The second, lesser known principle is that of peripheral learning. The vocabulary card, 'eating' wasn't at the center of Yuri's attention that day! It was on the outside edge, on the periphery. One of the theories of accelerated learning is that people can even remember things that they are scarcely aware of learning. Our minds are continually taking in information from our surroundings even though we don't always notice. Until I mention it for example, you may not have been paying much attention to the background sounds you can hear right now, or to what is in your field of vision other than this text. The point is that children don't always focus on what the teacher is teaching when the teacher is teaching it. Rather, they are also able to pick things up 'on the fly' from their environment, things such as chance remarks, English in the background, or background visuals such as wall posters. By definition, 'peripheral' items cannot be the focus of your teaching, but for the sake of those whose attention wanders, you can create your background classroom environment to support your teaching.

When I first started teaching young children, I felt guilty when we gave them 'coloring time' to color their workbook pictures. We should be teaching, I thought. But color is one of the most powerful aids to memory. Coloring is NOT a waste of time. (It also includes movement, another aid to memory.) If you have the children repeat relevant vocabulary while they are coloring, you will be enhancing their learning.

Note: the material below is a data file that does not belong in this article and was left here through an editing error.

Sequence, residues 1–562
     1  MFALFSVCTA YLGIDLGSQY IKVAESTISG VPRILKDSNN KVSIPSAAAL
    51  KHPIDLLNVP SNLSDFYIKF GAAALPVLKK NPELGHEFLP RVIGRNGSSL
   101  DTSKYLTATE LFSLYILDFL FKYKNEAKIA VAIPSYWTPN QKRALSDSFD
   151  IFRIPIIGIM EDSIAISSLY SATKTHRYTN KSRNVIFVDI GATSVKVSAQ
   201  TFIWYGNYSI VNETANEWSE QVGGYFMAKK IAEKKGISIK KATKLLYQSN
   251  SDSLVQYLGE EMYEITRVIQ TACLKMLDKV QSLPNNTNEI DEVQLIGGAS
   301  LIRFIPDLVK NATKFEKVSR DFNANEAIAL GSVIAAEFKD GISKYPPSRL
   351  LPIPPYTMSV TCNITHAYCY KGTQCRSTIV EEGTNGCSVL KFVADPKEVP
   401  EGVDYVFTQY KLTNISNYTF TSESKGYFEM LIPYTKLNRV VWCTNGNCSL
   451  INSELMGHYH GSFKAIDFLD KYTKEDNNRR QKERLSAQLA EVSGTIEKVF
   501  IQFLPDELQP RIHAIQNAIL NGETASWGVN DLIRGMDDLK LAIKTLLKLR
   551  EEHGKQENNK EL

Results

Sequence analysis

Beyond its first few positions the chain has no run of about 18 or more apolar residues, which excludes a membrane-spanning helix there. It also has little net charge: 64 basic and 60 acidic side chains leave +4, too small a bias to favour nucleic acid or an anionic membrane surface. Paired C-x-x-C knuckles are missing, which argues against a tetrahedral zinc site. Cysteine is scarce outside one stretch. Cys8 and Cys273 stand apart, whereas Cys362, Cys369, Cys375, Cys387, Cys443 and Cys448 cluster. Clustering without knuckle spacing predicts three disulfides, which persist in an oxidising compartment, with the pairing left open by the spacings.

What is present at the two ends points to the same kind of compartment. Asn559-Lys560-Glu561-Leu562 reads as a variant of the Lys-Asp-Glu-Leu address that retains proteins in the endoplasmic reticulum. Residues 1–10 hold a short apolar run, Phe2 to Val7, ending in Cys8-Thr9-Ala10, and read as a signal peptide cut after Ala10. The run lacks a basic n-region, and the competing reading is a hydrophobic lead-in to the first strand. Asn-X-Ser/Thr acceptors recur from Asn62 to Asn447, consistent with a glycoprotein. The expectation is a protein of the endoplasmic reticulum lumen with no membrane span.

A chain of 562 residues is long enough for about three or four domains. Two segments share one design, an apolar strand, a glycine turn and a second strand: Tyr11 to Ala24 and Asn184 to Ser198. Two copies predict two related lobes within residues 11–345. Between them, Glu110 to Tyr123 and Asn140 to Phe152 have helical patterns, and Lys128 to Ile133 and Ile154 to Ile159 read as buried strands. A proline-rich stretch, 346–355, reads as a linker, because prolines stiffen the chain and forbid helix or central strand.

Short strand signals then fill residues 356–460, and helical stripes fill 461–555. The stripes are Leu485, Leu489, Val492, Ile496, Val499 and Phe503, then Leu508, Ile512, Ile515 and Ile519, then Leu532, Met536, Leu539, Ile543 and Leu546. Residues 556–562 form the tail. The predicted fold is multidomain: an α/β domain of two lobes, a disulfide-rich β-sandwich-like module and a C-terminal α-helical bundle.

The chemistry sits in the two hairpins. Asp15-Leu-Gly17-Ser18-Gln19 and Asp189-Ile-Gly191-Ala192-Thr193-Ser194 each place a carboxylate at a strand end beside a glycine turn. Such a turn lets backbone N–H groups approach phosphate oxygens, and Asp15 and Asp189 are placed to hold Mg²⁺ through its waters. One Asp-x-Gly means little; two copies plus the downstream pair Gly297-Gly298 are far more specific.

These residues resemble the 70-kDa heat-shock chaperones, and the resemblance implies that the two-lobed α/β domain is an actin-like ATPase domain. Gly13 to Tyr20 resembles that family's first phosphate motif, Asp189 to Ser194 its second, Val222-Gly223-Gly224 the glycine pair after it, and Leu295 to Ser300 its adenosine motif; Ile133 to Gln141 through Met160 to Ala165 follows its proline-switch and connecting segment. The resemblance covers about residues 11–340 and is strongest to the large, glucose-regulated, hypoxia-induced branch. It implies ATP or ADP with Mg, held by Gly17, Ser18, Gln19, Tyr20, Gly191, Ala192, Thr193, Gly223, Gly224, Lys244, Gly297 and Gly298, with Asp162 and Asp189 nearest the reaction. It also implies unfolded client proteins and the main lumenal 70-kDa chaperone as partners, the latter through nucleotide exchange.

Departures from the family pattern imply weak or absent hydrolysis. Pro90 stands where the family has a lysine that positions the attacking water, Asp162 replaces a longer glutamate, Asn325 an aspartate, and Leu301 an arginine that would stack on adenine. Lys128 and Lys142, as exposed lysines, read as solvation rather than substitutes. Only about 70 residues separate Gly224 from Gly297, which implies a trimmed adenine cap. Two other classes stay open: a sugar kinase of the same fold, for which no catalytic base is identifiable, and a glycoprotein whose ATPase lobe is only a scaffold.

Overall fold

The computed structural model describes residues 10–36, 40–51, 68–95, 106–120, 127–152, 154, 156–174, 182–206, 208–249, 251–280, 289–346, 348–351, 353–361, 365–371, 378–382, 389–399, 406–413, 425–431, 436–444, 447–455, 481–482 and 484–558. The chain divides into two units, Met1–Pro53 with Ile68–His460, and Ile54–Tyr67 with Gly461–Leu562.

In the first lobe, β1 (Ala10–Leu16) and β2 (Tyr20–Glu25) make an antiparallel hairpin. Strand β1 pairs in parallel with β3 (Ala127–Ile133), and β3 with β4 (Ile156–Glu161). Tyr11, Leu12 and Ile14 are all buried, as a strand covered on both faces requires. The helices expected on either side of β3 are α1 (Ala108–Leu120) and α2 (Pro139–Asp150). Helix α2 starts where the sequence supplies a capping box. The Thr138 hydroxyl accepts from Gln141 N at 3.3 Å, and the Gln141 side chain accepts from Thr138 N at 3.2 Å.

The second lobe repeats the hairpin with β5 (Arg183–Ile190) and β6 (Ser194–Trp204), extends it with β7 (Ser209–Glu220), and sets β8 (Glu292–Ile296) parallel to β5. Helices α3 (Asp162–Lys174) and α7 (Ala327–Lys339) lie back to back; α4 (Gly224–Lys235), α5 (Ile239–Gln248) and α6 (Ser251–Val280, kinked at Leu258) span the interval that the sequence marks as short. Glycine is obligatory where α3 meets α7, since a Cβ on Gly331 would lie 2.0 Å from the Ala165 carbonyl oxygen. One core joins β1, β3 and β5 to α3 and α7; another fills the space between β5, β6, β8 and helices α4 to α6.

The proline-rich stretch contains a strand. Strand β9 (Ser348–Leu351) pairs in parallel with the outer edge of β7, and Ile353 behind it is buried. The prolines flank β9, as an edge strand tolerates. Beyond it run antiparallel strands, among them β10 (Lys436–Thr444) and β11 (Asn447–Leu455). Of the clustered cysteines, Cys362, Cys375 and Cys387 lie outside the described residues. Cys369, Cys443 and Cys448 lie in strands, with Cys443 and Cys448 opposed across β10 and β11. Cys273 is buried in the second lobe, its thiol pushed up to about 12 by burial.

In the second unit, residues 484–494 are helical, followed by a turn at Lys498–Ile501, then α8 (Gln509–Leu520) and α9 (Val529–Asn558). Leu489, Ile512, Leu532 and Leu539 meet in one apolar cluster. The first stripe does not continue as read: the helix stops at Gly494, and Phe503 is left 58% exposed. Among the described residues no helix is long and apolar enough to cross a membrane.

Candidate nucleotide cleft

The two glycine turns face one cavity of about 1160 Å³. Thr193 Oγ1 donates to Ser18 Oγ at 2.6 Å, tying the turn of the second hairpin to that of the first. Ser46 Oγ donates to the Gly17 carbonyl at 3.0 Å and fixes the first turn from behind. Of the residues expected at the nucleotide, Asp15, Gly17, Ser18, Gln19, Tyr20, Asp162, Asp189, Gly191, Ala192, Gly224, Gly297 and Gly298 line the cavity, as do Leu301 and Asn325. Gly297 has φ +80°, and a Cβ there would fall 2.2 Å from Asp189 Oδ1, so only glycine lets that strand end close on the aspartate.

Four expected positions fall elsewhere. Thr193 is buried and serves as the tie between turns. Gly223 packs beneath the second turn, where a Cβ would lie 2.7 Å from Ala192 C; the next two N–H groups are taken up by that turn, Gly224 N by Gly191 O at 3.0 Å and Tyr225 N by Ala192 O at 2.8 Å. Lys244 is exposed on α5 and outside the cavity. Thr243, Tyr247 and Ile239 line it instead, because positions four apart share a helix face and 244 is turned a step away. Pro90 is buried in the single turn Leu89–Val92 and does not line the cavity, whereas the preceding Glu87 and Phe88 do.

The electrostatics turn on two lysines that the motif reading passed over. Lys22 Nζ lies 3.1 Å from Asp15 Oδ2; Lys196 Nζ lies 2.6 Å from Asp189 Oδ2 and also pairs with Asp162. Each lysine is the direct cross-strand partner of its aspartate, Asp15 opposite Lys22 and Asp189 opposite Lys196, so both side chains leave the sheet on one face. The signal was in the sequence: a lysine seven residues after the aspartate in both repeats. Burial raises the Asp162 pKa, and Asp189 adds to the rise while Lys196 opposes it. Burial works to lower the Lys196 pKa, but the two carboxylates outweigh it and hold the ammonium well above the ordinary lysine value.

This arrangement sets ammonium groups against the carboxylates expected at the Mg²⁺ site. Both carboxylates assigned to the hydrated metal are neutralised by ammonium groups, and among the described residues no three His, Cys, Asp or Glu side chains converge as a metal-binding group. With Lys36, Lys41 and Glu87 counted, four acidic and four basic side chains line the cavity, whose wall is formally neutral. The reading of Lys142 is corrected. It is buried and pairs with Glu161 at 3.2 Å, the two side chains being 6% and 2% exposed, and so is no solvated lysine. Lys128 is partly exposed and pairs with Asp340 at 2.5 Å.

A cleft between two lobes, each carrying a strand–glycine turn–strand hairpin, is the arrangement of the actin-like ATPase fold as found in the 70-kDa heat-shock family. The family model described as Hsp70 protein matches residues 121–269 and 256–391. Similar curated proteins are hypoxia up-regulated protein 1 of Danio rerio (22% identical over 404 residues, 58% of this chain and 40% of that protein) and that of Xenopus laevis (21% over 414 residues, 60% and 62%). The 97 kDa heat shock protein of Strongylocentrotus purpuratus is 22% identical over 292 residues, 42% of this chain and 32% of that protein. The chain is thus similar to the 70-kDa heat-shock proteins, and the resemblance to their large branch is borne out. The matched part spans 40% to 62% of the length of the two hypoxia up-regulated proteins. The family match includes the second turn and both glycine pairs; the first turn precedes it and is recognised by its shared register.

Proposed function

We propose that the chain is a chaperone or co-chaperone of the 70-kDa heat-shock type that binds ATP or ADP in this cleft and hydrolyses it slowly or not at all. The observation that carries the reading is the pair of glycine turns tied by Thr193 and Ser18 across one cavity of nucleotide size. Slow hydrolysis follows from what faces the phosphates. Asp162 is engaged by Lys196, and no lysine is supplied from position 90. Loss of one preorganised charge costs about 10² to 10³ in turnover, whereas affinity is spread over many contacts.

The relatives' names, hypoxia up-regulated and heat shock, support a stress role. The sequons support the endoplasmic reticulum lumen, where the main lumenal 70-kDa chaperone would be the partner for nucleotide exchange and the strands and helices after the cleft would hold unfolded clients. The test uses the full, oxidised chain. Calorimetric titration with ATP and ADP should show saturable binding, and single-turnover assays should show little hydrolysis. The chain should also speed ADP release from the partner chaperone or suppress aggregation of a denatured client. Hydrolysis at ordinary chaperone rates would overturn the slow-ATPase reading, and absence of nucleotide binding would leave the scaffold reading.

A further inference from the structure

This principle of color as an aid to memory also needs to be taken into account when selecting course materials, such as flashcards, posters and textbooks. British publishers seem to be the recent leaders for providing bright, bold colors. Colors attract. Just what the strugglers need. Choose your materials well, and a great deal of your teaching will be done for you by the power of the colors.

I've already mentioned the teaching power of songs. Any children's teacher who excludes music from her class is putting some students at a disadvantage. Beyond songs, your voice is one of the most potent teaching tools you have to enhance learning. '"FEE, FI, FO, FUM", boomed the giant. He was a-n-g-r-y!' You can use your voice to great effect in telling stories such as this 'Jack and the Beanstalk'. Children pick up a more complete meaning of the word 'angry' through the acted, added emotion of your voice. Like a hot knife through soft butter, such words slip easily into memory. Getting children to imitate you and use their own voices to add emotional expression to vocabulary words can help their interest and therefore help their memory.

Rhythm and rhyme are other strong devices for promoting better memory. Many teachers will already be familiar with such children's materials produced by writers like Carolyn Graham. Why not produce your own local rhymes and rhythms, making them relevant to the particular children you teach?